## Introduction

This article will demonstrate how to evaluate complex mathematical expressions by converting them from infix notation to postfix notation and evaluating the expression. In the process we will be using STL's stack and string classes. When finished, the program should be able to evaluate expressions such as:

expr = "(12232+(43*43-(250/(3*8))*44)/12-311) * (5==5)"

## Background

Most programming languages require that you enter expressions in infix notation that is: operators and operands are intermixed, example: "`5*6-3*2*3`

".

The postfix notation, introduced in 1950 by the Polish logician Jan Lukasiewicz, is a method of representing an expression without using parenthesis and still conserving the precedence rules of the original expression. For example, the previous expression could have been written like: "`5 6 * 3 2 * 3 * -`

"

## Explaining the code

Here's is how to convert from an infix notation to postfix notation:

- Initialize an empty stack (string stack), prepare input infix expression and clear RPN string
- Repeat until we reach end of infix expression
- Get token (operand or operator); skip white spaces
- If token is:
- Left parenthesis: Push it into stack
- Right parenthesis: Keep popping from the stack and appending to RPN string until we reach the left parenthesis.

If stack becomes empty and we didn't reach the left parenthesis then break out with error "Unbalanced parenthesis"
- Operator: If stack is empty or operator has a higher precedence than the top of the stack then push operator into stack. Else if operator has lower precedence then we keep popping and appending to RPN string, this is repeated until operator in stack has lower precedence than the current operator.
- An operand: we simply append it to RPN string.

- When the infix expression is finished, we start popping off the stack and appending to RPN string till stack becomes empty.

Now evaluating a postfix (RPN) expression is even easier:

- Initialize stack (integer stack) for storing results, prepare input postfix (or RPN) expression.
- Start scanning from left to right till we reach end of RPN expression
- Get token, if token is:
- An operator:
- Get top of stack and store into variable op2; Pop the stack
- Get top of stack and store into variable op1; Pop the stack
- Do the operation expression in operator on both op1 and op2
- Push the result into the stack

- An operand: stack its numerical representation into our numerical stack.

- At the end of the RPN expression, the stack should only have one value and that should be the result and can be retrieved from the top of the stack.

To use the code:

#include <iostream.h>
#include <string>
#include "ExpressionEvaluator.h"
using std::string;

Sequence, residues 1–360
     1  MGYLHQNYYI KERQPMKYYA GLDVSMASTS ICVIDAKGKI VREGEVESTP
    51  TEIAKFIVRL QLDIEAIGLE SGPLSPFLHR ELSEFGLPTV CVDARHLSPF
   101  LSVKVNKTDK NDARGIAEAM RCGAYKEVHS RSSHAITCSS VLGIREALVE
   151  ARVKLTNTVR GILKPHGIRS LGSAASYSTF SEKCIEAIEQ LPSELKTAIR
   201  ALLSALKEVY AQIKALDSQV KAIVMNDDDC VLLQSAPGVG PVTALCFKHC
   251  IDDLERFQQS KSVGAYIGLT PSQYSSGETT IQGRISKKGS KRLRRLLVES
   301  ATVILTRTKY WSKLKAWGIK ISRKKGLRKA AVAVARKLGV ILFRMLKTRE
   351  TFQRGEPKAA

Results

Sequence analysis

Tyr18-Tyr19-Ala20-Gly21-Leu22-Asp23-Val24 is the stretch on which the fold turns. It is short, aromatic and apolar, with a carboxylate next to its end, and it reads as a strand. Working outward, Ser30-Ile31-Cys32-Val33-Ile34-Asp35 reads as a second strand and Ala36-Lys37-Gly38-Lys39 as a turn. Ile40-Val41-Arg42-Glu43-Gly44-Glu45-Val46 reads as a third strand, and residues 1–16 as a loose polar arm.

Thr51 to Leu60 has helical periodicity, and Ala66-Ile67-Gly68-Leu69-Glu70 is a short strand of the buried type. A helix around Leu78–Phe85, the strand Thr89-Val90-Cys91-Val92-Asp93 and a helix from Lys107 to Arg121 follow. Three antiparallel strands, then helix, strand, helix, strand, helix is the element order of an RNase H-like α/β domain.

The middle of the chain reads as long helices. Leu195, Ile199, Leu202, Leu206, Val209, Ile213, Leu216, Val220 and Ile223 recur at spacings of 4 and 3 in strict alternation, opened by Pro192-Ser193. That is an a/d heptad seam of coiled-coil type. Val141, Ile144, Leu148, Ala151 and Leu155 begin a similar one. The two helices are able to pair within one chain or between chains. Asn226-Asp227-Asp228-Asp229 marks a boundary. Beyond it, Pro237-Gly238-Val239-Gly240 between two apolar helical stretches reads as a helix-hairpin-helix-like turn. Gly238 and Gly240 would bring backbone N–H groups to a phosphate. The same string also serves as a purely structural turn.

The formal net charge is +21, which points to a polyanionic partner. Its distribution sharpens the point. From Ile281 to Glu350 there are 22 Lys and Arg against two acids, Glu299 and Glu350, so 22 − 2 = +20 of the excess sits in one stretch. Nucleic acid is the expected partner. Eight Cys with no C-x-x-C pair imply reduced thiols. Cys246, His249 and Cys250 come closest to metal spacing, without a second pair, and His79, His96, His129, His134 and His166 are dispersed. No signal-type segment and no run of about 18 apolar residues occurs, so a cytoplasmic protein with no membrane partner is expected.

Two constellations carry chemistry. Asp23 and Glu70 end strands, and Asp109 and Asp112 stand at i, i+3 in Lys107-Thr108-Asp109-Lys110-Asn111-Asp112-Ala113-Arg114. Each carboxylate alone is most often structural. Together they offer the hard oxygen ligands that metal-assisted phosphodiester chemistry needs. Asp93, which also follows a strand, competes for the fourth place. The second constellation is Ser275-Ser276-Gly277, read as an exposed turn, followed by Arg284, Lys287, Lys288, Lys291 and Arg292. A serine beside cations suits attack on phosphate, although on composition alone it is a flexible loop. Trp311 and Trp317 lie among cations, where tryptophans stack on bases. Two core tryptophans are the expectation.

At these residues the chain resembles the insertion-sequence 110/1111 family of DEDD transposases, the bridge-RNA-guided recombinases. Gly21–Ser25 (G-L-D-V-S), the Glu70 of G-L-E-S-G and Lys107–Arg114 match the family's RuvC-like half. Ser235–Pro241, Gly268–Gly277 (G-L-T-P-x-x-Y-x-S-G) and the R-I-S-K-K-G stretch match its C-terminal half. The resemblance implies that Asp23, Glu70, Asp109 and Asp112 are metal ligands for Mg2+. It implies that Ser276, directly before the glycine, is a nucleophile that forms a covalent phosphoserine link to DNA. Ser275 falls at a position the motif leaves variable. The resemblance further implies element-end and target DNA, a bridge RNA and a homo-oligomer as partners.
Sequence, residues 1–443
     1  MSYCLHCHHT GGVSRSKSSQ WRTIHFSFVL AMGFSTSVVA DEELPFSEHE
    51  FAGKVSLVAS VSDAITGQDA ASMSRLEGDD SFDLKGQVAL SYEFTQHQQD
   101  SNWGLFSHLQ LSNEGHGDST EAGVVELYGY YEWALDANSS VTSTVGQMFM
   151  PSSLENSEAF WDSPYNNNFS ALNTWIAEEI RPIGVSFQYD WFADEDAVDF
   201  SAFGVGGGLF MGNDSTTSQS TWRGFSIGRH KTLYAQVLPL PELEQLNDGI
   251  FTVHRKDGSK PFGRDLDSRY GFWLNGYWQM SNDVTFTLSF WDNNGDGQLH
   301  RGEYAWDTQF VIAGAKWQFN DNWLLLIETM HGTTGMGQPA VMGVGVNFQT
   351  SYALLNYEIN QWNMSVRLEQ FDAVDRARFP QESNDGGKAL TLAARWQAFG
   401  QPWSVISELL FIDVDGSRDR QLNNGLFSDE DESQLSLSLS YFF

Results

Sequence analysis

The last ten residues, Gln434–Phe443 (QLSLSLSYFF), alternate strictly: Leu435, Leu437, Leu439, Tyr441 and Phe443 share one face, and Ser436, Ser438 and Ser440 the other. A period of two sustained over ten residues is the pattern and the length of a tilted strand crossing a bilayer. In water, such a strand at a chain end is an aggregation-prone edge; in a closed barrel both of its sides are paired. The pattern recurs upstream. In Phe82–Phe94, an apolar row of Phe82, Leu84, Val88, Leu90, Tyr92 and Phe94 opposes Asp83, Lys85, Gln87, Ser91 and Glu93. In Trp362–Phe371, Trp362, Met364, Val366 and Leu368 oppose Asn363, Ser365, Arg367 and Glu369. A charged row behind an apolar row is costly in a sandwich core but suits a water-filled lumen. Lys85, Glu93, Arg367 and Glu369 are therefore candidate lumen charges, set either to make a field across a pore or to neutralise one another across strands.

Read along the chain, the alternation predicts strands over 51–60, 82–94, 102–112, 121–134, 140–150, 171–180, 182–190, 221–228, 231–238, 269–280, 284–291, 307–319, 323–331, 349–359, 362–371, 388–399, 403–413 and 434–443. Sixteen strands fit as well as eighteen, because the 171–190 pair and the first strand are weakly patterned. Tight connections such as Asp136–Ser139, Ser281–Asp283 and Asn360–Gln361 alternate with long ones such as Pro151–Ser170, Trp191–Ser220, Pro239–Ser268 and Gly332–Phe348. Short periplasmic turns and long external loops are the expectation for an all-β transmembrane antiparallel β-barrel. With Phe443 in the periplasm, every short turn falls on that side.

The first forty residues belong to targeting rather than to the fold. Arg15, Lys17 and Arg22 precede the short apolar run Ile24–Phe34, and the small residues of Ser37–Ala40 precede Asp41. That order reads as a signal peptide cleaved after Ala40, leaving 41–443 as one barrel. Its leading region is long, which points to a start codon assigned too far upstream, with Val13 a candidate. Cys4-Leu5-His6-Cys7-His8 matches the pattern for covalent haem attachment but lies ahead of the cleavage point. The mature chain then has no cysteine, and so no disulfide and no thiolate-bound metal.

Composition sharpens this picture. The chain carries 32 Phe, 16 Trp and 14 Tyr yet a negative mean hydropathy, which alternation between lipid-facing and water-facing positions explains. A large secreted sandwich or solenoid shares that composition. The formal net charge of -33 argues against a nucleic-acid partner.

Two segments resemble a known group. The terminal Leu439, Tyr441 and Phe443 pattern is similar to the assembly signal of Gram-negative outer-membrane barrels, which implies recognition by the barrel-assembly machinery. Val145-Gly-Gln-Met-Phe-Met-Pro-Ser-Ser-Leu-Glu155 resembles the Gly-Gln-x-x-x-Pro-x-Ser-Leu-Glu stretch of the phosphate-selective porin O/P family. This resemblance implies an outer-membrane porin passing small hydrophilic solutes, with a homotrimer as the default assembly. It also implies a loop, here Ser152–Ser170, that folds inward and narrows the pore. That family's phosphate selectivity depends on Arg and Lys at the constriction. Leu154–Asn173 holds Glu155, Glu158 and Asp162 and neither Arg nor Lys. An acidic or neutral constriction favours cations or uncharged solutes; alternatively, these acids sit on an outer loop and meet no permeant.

int main()
{
long result;
double resultdbl;
int err;
string s;
s = "1+2*(1-2-3-4)";
err = ExpressionEvaluator::calculateLong(s, result);
if (err != ExpressionEvaluator::eval_ok)
cout << "Error while evaluating!" << endl;
else
cout << "Evaluation of (int):" << s.c_str() << " yielded: "
<< result << endl;
s = "1.1/5.5+99-(4.1*(2+1)-5)";
err = ExpressionEvaluator::calculateDouble(s, resultdbl);
if (err != ExpressionEvaluator::eval_ok)
cout << "Error while evaluating!" << endl;
else
cout << "Evaluation of (double):" << s.c_str() << " yielded: "
<< resultdbl << endl;
return 0;
}

## Extending the code

This code can be extended to allow you perform other operations, however they must be binary operation (takes two operands). To extended the code simply add a new operator into the "operators" array along with its precedence value. If you introduce a new symbol make sure you add the symbol into the "operators[0]" string too. Precedence is important for generating a proper postfix expression. After adding a new operator, define its behaviour in the "`evaluateRPN`

" function as:

if (token == "PUT YOUR OPERATOR SYMBOL HERE")
r = doMyOperation(op1, op2);

Hope you find this code and article useful.

## References

## History

- Sunday, November 2, 2003
- Monday, November 3, 2003
- Fixed precedence rule of multiplication

- Tuesday, November 4, 2003
- Fixed a bug in
` isOperator() `

- Added support for negative and positive numbers as: -1 or +1

(initially they were supported as: 0-1 or 0+1)
- Added exception handling and foolproof against malformed expression
- Added >=, <=, != operators

Elias (aka lallousx86, @0xeb) has always been interested in the making of things and their inner workings.

His computer interests include system programming, reverse engineering, writing libraries, tutorials and articles.

In his free time, and apart from researching, his favorite reading topics include: dreams, metaphysics, philosophy, psychology and any other human/mystical science.

Former employee of Hex-Rays (the creators of IDA Pro), was responsible about many debugger plugins, IDAPython project ownership and what not.

Elias currently works at Microsoft as a software security engineer.

More articles and blog posts can be found here:

- http://lallousx86.wordpress.com/

- http://0xeb.wordpress.com/

- http://www.hexblog.com/?author=3